Iraqi lawmaker outraged over officials' trips to Israel

Iraq's deputy parliamentary speaker demands probe into reported visits by Iraqi officials to Israel.

Ben Ariel,


Reports of visits by Iraqi officials to Israel stirred controversy on Monday in Iraq, where the deputy parliamentary speaker demanded a probe to identify those who crossed a "red line", according to AFP.

Hadashot TV reported on Sunday that three delegations from Iraq visited Israel in recent months, the last of which arrived in Israel within the last month.

The delegations included a total of 15 influential people from Iraq, including local religious leaders, both Sunnis and Shiites, the report said.

The first deputy speaker of the Iraqi parliament, Hassan Karim al-Kaabi, on Monday called in a statement for "an investigation... to identify those who went to the occupied territory, particularly if they are lawmakers."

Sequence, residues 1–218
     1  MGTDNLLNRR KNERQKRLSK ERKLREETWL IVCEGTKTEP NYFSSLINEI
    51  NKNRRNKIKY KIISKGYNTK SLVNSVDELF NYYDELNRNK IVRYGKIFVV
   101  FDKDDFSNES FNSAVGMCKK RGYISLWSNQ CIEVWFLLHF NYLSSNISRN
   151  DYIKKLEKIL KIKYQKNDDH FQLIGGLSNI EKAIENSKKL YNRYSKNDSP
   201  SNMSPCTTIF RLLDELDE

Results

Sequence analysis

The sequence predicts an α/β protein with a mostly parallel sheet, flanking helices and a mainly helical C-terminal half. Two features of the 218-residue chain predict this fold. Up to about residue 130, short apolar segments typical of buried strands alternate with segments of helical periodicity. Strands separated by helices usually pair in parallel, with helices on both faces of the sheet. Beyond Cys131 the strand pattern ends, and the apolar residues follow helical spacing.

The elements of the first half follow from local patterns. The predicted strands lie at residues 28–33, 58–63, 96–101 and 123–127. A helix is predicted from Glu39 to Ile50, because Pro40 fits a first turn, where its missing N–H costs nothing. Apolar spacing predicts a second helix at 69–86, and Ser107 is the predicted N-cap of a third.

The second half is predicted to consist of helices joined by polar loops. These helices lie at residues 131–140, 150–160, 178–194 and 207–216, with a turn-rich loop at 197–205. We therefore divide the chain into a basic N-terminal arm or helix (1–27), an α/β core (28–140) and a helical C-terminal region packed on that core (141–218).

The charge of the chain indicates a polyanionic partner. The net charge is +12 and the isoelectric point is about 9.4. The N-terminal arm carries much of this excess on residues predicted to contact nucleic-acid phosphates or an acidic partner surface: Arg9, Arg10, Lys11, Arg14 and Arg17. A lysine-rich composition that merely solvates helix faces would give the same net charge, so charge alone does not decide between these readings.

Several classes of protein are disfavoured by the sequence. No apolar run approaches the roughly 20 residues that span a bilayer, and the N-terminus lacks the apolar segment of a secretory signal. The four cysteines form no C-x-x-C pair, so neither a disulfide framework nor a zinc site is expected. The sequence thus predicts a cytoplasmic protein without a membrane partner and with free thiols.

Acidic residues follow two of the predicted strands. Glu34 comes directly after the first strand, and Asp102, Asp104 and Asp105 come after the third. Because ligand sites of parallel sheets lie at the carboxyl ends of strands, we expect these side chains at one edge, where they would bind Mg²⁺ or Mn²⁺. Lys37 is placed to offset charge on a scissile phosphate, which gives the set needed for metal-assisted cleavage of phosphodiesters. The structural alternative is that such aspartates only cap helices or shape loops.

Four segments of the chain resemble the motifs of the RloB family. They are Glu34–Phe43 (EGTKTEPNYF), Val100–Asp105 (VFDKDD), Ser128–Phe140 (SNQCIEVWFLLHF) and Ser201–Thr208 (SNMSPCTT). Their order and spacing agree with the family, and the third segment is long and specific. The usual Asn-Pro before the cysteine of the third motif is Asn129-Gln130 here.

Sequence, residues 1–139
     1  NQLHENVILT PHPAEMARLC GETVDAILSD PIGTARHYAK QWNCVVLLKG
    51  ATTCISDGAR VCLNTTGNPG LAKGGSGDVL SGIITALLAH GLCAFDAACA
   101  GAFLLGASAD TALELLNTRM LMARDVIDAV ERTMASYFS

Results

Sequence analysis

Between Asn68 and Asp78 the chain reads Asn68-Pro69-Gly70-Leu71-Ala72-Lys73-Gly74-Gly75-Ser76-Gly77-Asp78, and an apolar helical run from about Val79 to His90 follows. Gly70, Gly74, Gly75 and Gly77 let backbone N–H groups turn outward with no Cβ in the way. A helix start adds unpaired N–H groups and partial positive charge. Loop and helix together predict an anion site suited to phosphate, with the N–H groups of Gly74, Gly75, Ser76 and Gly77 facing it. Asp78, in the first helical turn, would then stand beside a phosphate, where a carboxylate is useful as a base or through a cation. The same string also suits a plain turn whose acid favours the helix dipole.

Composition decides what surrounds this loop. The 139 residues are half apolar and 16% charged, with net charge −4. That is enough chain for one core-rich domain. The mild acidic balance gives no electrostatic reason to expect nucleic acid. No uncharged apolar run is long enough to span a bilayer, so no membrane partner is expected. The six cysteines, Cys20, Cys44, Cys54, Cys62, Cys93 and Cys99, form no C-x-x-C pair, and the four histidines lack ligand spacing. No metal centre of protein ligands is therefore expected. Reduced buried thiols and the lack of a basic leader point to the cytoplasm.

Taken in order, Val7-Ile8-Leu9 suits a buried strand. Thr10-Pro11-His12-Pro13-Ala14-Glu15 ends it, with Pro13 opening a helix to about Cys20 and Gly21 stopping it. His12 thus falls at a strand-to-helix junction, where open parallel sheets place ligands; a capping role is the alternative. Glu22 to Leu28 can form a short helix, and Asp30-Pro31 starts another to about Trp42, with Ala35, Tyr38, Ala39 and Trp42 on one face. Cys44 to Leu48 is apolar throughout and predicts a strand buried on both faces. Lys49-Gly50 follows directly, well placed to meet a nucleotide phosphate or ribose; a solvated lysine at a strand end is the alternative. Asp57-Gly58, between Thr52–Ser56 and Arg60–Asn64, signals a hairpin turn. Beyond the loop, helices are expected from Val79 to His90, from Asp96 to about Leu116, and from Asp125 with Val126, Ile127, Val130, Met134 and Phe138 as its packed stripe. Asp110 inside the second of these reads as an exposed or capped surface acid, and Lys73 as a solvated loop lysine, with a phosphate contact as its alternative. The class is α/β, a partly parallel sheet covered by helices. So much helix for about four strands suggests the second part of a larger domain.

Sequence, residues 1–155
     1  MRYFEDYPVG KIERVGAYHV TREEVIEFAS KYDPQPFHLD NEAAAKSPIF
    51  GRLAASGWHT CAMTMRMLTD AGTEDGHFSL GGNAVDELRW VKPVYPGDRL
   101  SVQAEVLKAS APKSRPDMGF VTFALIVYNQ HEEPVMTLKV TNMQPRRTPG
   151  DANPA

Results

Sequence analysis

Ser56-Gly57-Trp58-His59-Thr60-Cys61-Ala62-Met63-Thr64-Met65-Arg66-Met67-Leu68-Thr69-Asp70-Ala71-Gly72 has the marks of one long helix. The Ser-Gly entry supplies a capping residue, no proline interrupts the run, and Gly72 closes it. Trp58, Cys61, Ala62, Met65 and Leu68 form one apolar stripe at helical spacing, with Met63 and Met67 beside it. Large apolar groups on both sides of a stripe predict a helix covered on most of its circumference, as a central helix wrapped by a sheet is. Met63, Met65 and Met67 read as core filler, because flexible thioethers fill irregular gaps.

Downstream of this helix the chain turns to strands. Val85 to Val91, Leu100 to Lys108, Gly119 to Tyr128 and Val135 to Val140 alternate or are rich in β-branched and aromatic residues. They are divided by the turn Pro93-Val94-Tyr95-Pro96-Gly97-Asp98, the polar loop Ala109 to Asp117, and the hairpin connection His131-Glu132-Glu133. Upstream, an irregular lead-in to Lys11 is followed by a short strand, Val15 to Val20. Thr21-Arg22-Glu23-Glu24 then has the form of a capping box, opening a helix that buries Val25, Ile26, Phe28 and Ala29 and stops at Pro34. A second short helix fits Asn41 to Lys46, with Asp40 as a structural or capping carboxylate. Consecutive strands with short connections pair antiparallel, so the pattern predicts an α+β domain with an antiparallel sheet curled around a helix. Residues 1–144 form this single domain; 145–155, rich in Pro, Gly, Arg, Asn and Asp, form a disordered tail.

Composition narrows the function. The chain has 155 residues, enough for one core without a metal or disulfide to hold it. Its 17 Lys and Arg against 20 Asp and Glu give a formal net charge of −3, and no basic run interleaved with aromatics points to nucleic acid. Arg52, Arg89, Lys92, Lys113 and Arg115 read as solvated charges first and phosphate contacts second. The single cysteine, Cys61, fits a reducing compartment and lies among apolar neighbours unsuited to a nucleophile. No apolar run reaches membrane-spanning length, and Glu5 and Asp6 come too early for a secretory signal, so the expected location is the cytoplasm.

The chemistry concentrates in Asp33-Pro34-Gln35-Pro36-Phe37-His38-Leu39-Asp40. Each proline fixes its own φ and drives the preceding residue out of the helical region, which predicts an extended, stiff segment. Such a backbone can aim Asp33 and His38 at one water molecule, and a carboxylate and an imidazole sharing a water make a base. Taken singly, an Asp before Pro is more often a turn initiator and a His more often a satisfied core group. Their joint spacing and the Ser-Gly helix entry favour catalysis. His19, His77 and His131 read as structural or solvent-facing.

"To go to the occupied territory is a red line and an extremely sensitive issue for all Muslims", the statement said, according to AFP.

Baghdad does not recognize Israel and is technically in a state of war with it.

Kaabi is close to Shiite leader Moqtada Sadr, whose bloc won the largest number of seats in Iraq's legislative election last year.

A significant Iraqi Jewish community lives in Israel and regularly calls for a normalization of ties between Baghdad and the Jewish state.

That issue, however, remains sensitive and Israel's support for an independence referendum in Iraqi Kurdistan in late 2017 provoked Iraqi officials' ire.

In 2017, a former Miss Iraq, Sarah Idan, sparked a storm when she took a selfie with Miss Israel. The outcry in her native Iraq over the selfie compelled Idan's family to relocate to the United States, where Sarah had been living.

Idan visited Israel in June of 2018, where she called for coexistence and regional peace.